“Think about what you would like your life to be like in 20 years…”

I was 14. Thirty-four years old was well past the edge of the known universe.

What could I say I wanted in that time?

I knew I wanted a family and I wanted certain accomplishments. And I wanted to be beautiful. Beauty seemed very important at 14.

Then Mom broke it down further. What would I have to accomplish in the next ten years to get to that outcome?

And then in 5 years?

two and a half years?

What would I need to do THIS YEAR to further the goals of what I wanted my life to be like when I was 34?

Which broke down into the next 6 months, then 3 months and this month, this week and today.

I LOVED this exercise. I took it extremely seriously. I really really wanted those dreams to come true. And breaking it down into things I could do TODAY made me very happy. It felt like those far away dreams were within reach.

My mom, who introduced me to this framework, does not think this way.

It turns out, from my now-lengthy life experience, very few people really find that sort of framework comfortable.

But from the age of 14 on, I have filled pages and pages of notebooks with year plans.

I will write out the 12 months, or if I am in a hurry, 3 months, and plot out what needs to happen to achieve some scheme or other.

It’s not that I always achieve it, or even the times when I do achieve it, I achieve it on the plotted schedule.

But just like when I was 14, it makes me feel like I can almost touch that desired goal. That I will make it.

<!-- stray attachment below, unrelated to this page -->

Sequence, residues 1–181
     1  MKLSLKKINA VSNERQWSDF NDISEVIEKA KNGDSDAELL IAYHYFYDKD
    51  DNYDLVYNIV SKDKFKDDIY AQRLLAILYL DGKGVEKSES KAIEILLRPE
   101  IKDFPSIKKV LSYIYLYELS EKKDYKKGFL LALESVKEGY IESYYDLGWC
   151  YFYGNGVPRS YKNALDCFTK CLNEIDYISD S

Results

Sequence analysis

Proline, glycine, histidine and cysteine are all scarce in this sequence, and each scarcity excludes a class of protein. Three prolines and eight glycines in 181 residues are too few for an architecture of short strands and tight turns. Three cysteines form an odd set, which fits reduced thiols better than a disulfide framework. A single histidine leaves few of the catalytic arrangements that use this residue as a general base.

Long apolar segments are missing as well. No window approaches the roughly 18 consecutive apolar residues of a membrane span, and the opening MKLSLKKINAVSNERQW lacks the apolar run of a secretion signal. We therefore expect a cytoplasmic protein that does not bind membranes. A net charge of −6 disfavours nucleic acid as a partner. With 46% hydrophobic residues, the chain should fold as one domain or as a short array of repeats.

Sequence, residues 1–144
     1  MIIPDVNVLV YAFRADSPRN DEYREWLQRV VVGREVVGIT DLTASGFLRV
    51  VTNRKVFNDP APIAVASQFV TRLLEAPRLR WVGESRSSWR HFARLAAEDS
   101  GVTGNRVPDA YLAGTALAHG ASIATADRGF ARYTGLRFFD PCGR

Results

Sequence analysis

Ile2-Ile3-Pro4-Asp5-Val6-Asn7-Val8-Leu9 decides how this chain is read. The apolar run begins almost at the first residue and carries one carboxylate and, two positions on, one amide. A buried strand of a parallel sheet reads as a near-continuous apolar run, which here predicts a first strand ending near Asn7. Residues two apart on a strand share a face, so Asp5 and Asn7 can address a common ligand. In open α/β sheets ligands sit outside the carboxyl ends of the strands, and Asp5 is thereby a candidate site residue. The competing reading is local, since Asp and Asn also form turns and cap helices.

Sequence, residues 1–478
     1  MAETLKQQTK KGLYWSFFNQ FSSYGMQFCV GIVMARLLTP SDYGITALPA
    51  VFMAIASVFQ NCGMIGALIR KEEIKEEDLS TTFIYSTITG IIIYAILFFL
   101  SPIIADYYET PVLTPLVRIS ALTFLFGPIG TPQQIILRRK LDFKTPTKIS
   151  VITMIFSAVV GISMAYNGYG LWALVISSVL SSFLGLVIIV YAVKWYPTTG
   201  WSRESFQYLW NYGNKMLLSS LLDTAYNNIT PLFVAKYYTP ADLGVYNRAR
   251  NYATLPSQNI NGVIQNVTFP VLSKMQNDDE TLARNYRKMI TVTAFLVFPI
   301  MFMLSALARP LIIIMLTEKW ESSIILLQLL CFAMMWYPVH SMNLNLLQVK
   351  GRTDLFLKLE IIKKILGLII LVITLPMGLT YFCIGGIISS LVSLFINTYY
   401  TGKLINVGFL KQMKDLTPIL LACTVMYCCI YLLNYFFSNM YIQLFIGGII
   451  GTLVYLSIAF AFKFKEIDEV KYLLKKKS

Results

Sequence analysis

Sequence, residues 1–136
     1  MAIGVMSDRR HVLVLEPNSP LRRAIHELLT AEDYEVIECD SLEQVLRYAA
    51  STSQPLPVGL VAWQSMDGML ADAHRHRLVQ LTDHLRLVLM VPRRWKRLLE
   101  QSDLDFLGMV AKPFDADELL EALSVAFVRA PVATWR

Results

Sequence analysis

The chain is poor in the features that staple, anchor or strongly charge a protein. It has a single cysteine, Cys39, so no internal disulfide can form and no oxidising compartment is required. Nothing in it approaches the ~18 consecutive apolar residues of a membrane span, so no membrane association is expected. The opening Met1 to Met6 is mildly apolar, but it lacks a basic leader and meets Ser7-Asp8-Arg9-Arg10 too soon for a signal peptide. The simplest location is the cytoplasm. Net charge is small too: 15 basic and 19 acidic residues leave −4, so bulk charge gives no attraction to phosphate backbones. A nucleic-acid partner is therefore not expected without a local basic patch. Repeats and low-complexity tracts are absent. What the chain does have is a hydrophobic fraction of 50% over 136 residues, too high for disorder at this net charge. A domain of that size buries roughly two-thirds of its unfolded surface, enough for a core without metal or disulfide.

Some people can daydream into it. For me, I need to feel like there are steps. And even if I get lost or stumble along the way, those steps guide me.

Like little glowing reflectors in the dark. I will find my way.

My way.

The choices

It’s a clean calendar, ready to be filled in with new adventures and new accomplishments. It’s only natural to want to fill it with things that are better than before.

A year full of new high water marks. Of personal bests.

It’s a well-known fact that in January the gym gets very crowded. All the people who set their sights on getting in shape for the New Year. But partway through February, everything dies down.

People stop going. They stop choosing that goal.

I’m not sure when it became popular, but it certainly wasn’t a thing when I was a kid. I hear it everywhere now though. “He’s making bad choices.”

My daughter got it in kindergarten. “You need to think about making a different choice.”

It’s a softened way of saying: “Do the right thing. Don’t do the wrong thing.”

Everything we have in life is the result of our choices.

Of course, when I was a kid, it didn’t feel like I had a lot of choices. I was given a very few options.

By the time I became an adult and had the opportunity to set up my own bouquet of choices, I learned very quickly a few principles of choices. At the time, I called it freedom.

In any circumstance, what choice, what course of action would give me the most possibilities?

Time and money were huge freedom maximizers. So in almost every choice I had, I would choose to keep my money rather than spend it. I had some VERY inexpensive apartments.

And time. If I let time run out it could lead to a situation where I HAD to choose something or lose something even bigger. And I never wanted to be out of options.

That made me very very very aware of the clock. It was the gatekeeper for choices.

I always wanted time and me to be on the same side.

Which means I have to stay ahead of the clock, because time doesn’t wait for me.

But I was hungry for all the choices I could get.

I’m not as hungry as I used to be. Now I have to use habits to keep up my pace.

But habits can degrade and they can even go bad on you.

Then it comes back to choices. New choices, or choosing old things anew.

Then the choices, if repeated become the new habit.

If the habits stick, then life changes.